AUGUSTA, Ga. -- If the holes at Augusta National were bucket-sized, Lee Westwood might be your Masters champion. As it was, only three players of the 62 who made the cut needed more putts this week than Westwood, who finished tied for third at 8-under-par.
It was the seventh top-3 finish in the past 16 majors for the former World No. 1 from England, who continues his quest for that elusive first major.
Tee to green Westwood was imperious. No one hit more greens in regulation -- 58 of 72, for an average of 80.56 percent -- but his 128 putts were eight more than champion Bubba Watson and 18 more than runner-up Louis Oosthuizen.
"The story of the week is you have got to putt well to win the Masters and I haven't," Westwood said. "The longest I made was 10 feet on 18 but that's not really good enough. I don't feel like giving up just yet."
Two other English stars fell short. Ian Poulter finished 5 under, while Justin Rose closed with a 68 to finish 4 under. "My game is close," Rose said. "I'll have plenty of chances in the future."
World No. 1 Luke Donald closed with an impressive 68, his best score of the week, but his tie for 32nd means his week was a disappointment. "There is nothing worse than waking up on Sunday knowing that whatever you do it is not going to be good enough," Donald said before the final round. "You probably learn more from not playing well than you do from playing well. The margins are so small at Augusta. That's the difference between majors and normal events. Obviously I've got to work on being able to bring the game that I play at normal tournaments to the majors. I'm getting closer each time. It just takes more and more experience."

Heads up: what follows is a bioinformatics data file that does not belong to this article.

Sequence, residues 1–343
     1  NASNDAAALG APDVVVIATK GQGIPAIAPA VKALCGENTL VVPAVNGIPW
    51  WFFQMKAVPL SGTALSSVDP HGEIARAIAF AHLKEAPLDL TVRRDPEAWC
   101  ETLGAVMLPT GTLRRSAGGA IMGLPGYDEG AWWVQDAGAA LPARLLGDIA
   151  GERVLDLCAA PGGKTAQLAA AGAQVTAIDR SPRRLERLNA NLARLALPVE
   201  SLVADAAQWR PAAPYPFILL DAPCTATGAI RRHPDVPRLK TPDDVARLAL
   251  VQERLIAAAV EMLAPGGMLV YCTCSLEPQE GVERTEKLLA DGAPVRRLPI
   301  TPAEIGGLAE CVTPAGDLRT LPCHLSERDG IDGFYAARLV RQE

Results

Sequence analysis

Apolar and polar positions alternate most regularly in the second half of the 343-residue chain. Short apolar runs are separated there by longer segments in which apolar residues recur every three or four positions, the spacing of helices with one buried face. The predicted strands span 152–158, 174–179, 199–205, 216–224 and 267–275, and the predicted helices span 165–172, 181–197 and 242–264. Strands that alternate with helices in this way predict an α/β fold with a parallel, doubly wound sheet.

In a sport where even the best lose more often than they win, grasping at positives in defeat is an oft-heard soliloquy in post-round postmortems. Donald was clinging to the highlights of his Sunday 68, which matched his best at Augusta National. "I'll remember that round hopefully next year, and even Thursday when it comes to the Olympic Club [the venue for June's U.S. Open]," he said. "It took me a while to learn how to win on the U.S. Tour and the European Tour. I think it's the same with majors. It's a different level, and it's just taking me a little bit of time to figure it out."
As England's best faded, it was a mixed bag for the Irish. Three-time major winner Padraig Harrington shot 72 to tie for 8th, but was left to rue a slew of missed putts that ended his challenge. Still, this week marked a welcome return to form and gave Harrington his first top-10 in a major since the 2009 PGA Championship.
Rory McIlroy and Graeme McDowell -- winners of the last two U.S. Opens -- were paired together Sunday but were never factors. McIlroy's miserable weekend continued, his Sunday 76 barely bettering his Saturday 77. McDowell fired a 68 to finish at 2 under. "I'd love this tournament to be starting tomorrow because I fancy my chances," McDowell said. "I'd love to put that green jacket on my back."
"I'll be back," he added. "As Arnold said." He meant Schwarzenegger, not Palmer.